Editor’s Page

By Alejandro Grattan-Dominguez

An Astounding Man in an Astounding Century

 

Most people know about T.E. Lawrence because of David Lean’s masterful movie, Lawrence of Arabia. What many may not know is that Lean could have made three movies about Lawrence and had plenty of material left over.
Briefly put: Lawrence was the illegitimate son of a British aristocrat. Enlisting in the British Army, he became the leader of the Arab Revolt against the Turks in the First World War. Afterward, seeking anonymity, he re-enlisted in the army as a lowly private and later was killed in a motorcycle accident.
Along the way, Lawrence’s daring exploits in the desert brought him the respect and adulation of the British and the deep gratitude of the Arab world. In time, the famous journalist Lowell Thomas would make him known to millions of people in every corner of the globe.
Lawrence had everything a handsome, charismatic military man should have—except height. He was only five foot four (something Lean would fix by casting the six-foot, two-inch Peter O’Toole in the movie). Lawrence was, however, far more than a brilliant tactician and fearless leader. He was also a great writer. His Seven Pillars of Wisdom, an account of the Arab Revolt, is regarded one of the best books ever written on the merciless art of war. Less known is the fact that he was a visionary diplomat, and was partially responsible for redrawing the map of the Middle East (including Iraq) after the First World War.
Beyond that, he was a highly skilled archeologist, photographer and mapmaker—as well as a talented novelist and fine translator, whose version of Homer’s Odyssey is very highly regarded. He was also an innovative engineer, his design of small boats laying the groundwork for the famous PT boats in World War II.
Now comes the more mysterious part. In David Lean’s movie, the curve of Lawrence’s career steadily climbs until Lawrence is captured (incognito) by the Turks and held for a brief time; thereafter, the curve heads precipitously downward. By dramaturgical definition, whatever lies at that pivot point is the key to the drama.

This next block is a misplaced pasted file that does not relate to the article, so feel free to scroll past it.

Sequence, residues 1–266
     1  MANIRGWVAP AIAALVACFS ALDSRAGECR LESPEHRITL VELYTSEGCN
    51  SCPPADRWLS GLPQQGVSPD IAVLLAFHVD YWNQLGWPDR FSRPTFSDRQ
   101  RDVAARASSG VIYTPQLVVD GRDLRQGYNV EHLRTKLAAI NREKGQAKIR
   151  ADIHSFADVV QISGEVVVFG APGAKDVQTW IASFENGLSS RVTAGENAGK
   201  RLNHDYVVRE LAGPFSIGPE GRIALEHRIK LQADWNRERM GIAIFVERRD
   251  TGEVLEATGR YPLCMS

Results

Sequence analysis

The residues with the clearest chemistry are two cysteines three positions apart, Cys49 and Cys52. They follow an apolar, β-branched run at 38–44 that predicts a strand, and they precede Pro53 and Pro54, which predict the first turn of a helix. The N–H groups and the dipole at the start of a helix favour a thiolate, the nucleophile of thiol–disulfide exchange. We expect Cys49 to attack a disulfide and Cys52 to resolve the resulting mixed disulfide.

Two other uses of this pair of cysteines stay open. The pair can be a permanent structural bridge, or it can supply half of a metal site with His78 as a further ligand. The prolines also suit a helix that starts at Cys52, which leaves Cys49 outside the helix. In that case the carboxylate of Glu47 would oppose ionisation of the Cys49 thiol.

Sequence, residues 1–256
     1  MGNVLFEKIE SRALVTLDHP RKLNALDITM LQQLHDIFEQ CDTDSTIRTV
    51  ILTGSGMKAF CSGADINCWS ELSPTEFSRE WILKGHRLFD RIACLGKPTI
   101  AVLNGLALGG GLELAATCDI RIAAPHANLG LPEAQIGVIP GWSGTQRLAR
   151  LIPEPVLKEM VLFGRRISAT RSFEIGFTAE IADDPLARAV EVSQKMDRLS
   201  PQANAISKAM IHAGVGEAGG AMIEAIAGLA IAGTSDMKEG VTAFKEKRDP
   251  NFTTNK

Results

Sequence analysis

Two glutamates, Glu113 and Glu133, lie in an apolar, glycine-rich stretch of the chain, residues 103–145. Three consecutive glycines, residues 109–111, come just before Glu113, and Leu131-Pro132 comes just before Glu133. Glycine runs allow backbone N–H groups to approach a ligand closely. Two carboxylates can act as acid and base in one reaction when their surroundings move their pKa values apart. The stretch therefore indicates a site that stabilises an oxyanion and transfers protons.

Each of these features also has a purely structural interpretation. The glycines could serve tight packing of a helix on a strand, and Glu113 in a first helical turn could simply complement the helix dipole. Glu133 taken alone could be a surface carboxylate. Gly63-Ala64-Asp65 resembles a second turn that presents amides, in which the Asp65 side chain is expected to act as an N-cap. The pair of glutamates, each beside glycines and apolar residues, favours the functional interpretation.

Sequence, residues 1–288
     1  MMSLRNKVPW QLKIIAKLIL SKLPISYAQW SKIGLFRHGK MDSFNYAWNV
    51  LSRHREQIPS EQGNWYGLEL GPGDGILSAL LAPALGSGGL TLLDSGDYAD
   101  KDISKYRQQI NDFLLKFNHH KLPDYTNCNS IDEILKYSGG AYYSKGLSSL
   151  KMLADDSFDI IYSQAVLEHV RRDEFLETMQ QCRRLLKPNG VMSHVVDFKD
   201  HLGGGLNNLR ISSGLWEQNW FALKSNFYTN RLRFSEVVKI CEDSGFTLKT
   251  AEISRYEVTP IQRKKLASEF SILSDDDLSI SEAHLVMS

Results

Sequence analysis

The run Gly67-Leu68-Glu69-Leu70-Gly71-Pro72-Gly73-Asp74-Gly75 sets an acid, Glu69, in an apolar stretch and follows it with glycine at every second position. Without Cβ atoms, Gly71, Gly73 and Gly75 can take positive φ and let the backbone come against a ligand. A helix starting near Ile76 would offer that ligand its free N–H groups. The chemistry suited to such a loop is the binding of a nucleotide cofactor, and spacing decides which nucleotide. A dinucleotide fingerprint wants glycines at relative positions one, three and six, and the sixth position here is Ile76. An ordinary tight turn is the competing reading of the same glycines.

When the film first came out in 1962, that point was glossed over, somewhat hamstringing an otherwise monumental motion picture. Only 17 years later, when the movie was re-released, did previously deleted footage appear which went far to explain the inexplicable downward spiral.
Lawrence had been tortured and sodomized by the Turks—and to his great disgust and horror realized that he had enjoyed the experience. Before that (and not unlike many other famous men), he had believed most of his fawning publicity and must have felt himself a jaguar among jackals--though by this time, he also felt that he had compromised the Arab cause by hewing too closely to the British colonist mind-set. Those twin realizations shattered his heroic self-image.
Thereafter, Lawrence became masochistic and self-destructive. When his memoir became a best-seller, he paid a soldier to whip him in atonement. Even his fatal “accident” might not have been an accident at all. He was known for racing his motorcycle at breakneck speeds that might have been survivable on a race track but were no match for a winding country road. Trying to avoid running into a flock of sheep, he did indeed break his neck.
More than 100 books have been written about Lawrence, including three  published before his death—with many biographers grappling with an intriguing question: what is the ultimate price of heroism to the hero?

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